This article was published in the fall 2014 issue of Buddhadharma magazine.
Tara is one of the most beloved buddhas in Tibetan Buddhism. Her name means “the liberator.” She liberates us from ignorance, which is the root of cyclic existence, and from self-centered thought, which impedes us from attaining the full awakening of a buddha. She also liberates us from the eight dangers, each of which has an outer and inner aspect: the lion of arrogance, elephant of ignorance, fire of anger, snake of jealousy, thieves of wrong views, chain of miserliness, flood of attachment, and carnivorous demon of doubt.
How does Tara liberate and protect us from danger? It is not by swooping down and carrying us away to heaven or by making a problematic situation magically disappear. Enlightened beings cannot take our defilements away, like pulling a thorn from our foot. Nor can they give us their realizations, like pouring water into an empty bowl. The fundamental way Tara—or any other buddha—benefits sentient beings is by teaching us the Dharma and inspiring us to investigate its meaning so we reach a correct understanding. She then guides us in meditation practice so we generate transformative realizations.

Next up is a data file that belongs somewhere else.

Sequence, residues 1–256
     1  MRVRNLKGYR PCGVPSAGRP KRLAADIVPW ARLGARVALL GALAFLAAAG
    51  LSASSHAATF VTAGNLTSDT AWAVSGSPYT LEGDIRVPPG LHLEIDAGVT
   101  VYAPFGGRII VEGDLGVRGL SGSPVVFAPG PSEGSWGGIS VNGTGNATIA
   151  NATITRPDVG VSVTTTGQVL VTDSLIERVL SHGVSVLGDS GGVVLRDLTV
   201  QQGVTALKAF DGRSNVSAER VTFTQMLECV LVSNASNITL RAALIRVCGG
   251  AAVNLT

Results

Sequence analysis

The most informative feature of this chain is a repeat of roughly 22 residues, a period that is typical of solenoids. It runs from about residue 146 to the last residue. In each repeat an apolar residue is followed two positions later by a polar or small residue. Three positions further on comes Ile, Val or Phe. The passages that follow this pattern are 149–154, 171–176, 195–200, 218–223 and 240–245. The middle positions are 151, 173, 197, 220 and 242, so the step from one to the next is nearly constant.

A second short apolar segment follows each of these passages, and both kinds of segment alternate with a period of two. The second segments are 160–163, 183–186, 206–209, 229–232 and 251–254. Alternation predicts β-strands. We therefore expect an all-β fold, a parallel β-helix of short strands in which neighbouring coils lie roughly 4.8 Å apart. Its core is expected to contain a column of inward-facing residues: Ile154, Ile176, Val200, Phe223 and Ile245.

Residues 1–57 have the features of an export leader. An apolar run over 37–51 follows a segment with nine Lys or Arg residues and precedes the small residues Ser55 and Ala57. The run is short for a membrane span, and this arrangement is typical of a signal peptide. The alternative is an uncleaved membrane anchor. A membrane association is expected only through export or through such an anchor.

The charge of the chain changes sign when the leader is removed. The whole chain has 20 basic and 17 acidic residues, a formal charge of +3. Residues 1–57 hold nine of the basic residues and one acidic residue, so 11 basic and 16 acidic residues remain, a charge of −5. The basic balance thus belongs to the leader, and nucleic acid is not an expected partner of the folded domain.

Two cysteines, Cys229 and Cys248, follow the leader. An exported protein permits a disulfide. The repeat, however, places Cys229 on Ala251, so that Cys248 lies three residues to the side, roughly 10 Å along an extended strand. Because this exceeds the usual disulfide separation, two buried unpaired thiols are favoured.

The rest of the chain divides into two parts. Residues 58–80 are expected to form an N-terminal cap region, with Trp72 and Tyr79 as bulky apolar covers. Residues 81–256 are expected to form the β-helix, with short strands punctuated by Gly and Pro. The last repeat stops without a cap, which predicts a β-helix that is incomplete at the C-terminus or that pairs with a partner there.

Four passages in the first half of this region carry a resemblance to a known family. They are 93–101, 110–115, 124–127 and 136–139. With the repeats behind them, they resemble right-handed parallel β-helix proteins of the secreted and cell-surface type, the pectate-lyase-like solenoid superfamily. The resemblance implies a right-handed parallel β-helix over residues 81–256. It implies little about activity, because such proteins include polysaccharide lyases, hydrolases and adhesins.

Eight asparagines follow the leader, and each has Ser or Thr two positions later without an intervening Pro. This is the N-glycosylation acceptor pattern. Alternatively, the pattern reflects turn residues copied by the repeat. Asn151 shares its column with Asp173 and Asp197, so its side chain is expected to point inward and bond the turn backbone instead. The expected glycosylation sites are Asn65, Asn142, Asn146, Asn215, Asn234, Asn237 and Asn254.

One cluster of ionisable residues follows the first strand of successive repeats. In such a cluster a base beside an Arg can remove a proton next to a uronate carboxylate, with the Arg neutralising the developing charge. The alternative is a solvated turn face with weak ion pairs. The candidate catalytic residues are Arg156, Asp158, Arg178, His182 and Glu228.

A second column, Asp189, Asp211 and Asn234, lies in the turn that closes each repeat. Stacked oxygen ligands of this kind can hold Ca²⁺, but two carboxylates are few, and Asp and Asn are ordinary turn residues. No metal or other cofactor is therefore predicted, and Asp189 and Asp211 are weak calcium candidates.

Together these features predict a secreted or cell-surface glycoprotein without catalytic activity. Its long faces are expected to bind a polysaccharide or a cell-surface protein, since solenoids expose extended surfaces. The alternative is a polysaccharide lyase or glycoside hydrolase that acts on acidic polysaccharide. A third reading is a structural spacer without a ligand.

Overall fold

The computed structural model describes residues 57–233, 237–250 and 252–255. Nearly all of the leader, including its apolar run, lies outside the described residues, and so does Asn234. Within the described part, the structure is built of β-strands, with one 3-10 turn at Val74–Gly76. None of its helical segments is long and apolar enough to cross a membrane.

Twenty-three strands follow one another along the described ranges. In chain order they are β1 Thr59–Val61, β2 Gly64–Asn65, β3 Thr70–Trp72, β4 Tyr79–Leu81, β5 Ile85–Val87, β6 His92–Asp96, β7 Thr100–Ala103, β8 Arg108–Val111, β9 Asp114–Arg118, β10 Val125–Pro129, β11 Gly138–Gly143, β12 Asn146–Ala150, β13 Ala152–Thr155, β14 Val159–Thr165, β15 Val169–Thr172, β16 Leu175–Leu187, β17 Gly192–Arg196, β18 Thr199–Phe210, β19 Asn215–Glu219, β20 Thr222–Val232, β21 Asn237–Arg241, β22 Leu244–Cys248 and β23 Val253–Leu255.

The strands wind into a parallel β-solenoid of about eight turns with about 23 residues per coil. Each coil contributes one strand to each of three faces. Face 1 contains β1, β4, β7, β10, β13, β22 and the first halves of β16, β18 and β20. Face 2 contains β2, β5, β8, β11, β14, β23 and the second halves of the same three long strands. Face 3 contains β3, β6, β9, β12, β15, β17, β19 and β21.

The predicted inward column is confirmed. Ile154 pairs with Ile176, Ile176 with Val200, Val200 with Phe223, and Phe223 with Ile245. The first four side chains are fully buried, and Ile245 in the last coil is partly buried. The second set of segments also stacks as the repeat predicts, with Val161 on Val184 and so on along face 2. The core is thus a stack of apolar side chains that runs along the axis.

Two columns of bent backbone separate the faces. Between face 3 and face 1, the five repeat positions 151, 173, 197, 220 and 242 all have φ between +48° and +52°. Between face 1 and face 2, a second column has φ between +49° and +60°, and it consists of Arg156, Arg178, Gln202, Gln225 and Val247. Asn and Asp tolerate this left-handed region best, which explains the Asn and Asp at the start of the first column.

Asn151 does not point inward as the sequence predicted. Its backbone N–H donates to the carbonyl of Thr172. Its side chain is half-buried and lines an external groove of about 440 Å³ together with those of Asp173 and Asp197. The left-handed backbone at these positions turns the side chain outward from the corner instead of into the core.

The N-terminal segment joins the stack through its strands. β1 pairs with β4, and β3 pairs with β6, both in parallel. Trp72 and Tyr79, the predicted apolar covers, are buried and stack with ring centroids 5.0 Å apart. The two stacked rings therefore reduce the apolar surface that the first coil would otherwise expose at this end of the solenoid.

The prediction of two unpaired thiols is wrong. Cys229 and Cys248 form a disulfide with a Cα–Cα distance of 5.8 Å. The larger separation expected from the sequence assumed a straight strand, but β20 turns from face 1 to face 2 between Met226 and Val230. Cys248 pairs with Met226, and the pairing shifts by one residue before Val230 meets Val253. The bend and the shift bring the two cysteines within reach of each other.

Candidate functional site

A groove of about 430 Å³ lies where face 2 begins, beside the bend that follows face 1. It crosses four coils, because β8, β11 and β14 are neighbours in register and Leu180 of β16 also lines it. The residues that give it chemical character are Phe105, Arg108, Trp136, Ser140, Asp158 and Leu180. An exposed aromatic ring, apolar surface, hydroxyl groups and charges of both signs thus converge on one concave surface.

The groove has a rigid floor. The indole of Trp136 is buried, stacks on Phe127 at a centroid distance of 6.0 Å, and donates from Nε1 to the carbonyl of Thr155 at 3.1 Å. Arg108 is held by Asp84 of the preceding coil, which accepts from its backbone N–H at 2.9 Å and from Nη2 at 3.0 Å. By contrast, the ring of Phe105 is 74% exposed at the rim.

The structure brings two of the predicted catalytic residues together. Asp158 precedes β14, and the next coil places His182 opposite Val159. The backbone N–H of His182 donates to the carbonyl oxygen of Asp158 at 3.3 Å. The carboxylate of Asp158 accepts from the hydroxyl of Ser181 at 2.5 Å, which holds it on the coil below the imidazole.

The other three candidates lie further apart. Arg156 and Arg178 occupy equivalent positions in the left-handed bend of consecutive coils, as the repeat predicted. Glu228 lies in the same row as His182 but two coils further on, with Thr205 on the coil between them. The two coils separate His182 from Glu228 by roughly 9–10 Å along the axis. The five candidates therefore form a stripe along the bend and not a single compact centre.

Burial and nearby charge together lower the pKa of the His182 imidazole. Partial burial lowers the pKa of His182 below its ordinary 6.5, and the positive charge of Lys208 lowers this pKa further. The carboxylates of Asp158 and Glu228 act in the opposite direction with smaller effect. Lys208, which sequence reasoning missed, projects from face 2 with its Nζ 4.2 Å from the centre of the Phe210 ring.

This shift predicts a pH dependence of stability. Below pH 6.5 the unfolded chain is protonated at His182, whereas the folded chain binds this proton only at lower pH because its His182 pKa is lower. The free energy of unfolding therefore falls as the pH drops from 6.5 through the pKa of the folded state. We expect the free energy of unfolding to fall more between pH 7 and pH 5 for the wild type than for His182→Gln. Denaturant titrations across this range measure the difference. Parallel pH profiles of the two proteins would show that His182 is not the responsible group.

Through practicing what we learn, we generate the wisdom that realizes emptiness, and through meditating on emptiness, we cleanse our minds of defilements and actualize the cessation of suffering.
When requesting Tara to free us, we are actually calling upon our inner Tara—the seeds of our own wisdom and compassion. As we gradually cultivate these qualities, they protect us from the damage inflicted by the disturbing emotions.
Tara liberates us by embodying all the realizations of the path. Visualizing her emerald-green form made of light, we contemplate the path and internalize its meaning, as each aspect of her form represents an aspect of the path to awakening. Tara also liberates us by being a role model. Formerly a princess who was told to pray to be reborn as a man, she attained full awakening in a woman’s body, encouraging us to overcome whatever prejudice, discrimination, or discouragement we may encounter.
The following verses requesting Tara to protect us from the eight dangers are from A Crown Ornament for the Wise, a hymn to Tara composed by Gyalwa Gendun Drubpa, the First Dalai Lama.
Dwelling in the mountains of wrong views of selfhood,
Puffed up with holding itself superior,
It claws other beings with contempt:
The lion of arrogance—please protect us from this danger!
Just as lions strut in mountainous areas, our arrogance dwells in wrong views concerning the nature of the “I” or “self.” Although the “I” is dependent, ignorance apprehends it as existing independent of all other factors. This wrong view is the root of our suffering in cyclic existence.